When the newly founded mission had to receive a name, Hans von Staden could think of only one name: Dorothea Mission. After all, his mother, Dorothea von Staden, had been used by God to lay the financial foundation of the work and “Dorothea” means “Gift of God.” The one great aim of this new mission society was to take the message of salvation–the Gospel–as the “Gift of God” to the multitudes of lost souls living in the “locations” which had spread far and wide, mainly on the outskirts of the towns of South Africa. They were, to a large extent, the result of more and more people leaving the rural areas to seek work in the towns.
God continued to guide the work, step by step, and blessed it. He called black Christians to be trained as evangelists and soon the first white believers also heard God’s call into this ripe harvest field. God also provided an increasing number of friends to pray for the Dorothea Mission and to support its work. Later on, some applicants also came from European countries to serve the Lord in the Dorothea Mission.
In 1960, Hans von Staden travelled to Zimbabwe and Zambia to attend the crusades held by Dr. Billy Graham. It made a tremendous impression on him to see how African people gathered in the thousands to hear the Gospel. When he drove with a friend through the densely populated townships of Bulawayo (the second largest city of Zimbabwe), he was overwhelmed by the sight. Here he was confronted by the same spiritual needs as in South Africa. As he wrestled in prayer, seeking God’s will and guidance, it became clear to him that God was calling Dorothea Mission to extend its work beyond the borders of South Africa.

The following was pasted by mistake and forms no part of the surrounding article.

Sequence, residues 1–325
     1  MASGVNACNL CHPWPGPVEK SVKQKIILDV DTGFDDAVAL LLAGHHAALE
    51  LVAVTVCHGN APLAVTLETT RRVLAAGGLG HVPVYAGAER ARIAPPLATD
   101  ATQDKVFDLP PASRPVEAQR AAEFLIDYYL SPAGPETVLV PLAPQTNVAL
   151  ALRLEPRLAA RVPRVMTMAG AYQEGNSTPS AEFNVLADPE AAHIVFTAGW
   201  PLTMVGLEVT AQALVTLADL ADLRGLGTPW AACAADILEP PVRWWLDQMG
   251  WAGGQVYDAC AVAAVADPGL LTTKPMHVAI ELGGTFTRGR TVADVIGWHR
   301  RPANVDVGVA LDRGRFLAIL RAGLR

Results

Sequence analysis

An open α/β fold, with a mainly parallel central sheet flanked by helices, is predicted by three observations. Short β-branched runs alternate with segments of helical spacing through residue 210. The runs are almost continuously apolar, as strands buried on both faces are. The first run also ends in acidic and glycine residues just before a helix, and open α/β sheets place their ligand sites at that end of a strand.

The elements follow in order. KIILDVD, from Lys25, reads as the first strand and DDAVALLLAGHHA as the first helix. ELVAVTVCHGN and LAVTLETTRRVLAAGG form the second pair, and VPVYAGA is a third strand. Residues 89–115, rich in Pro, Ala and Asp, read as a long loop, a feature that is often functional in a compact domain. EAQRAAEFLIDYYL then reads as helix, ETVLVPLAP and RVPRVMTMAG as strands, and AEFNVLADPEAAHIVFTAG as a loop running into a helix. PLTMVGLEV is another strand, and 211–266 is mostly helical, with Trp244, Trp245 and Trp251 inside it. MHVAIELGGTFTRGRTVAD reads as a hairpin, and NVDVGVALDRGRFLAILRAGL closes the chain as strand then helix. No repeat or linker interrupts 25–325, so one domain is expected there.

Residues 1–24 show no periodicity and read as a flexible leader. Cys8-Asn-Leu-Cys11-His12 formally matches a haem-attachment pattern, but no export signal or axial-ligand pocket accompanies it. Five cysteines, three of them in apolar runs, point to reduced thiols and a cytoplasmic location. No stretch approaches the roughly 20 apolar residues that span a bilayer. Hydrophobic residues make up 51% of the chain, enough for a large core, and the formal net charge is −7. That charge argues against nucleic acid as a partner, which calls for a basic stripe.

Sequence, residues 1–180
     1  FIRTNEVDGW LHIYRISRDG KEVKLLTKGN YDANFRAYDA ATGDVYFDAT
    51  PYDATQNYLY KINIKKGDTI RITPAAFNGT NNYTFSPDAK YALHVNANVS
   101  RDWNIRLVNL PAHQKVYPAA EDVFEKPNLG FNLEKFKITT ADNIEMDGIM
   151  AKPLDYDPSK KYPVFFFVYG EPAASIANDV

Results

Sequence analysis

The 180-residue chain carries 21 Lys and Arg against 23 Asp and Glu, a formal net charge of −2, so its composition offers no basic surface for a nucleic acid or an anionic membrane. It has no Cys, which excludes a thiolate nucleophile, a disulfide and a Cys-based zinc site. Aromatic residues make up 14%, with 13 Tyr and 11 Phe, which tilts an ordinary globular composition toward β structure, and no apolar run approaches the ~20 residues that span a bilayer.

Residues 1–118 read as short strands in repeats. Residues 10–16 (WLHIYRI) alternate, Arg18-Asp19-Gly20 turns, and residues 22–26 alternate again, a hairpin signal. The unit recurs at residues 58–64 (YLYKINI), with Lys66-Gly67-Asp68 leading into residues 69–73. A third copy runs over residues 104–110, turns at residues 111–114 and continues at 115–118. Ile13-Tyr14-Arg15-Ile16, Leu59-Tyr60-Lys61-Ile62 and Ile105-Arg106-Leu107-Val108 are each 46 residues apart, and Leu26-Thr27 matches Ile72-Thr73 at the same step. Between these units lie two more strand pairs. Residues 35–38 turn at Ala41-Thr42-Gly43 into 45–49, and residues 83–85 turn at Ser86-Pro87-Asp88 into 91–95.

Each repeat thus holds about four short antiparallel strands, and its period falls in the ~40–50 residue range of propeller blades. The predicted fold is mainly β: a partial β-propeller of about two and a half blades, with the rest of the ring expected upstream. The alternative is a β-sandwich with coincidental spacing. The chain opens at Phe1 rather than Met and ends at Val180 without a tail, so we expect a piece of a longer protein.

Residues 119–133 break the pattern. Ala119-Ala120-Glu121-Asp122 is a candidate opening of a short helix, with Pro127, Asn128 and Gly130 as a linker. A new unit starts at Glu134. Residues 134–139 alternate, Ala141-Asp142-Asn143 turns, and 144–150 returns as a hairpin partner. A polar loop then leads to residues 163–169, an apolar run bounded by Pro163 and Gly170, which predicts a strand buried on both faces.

The first new mission field became Namibia in 1961. In 1962, the Dorothea Mission held a major evangelistic crusade on the outskirts of Harare in Zimbabwe. This opened the door to a permanent work in Zimbabwe, including a training centre for evangelists. Then work extended to Malawi and Zambia. Also, in 1995, the Dorothea Mission began to work for the first time in Mozambique. On account of the civil war, this country had been closed to missionary work for many years. There are altogether about 60 workers who serve the Lord on a full-time basis with the Dorothea Mission in these six countries.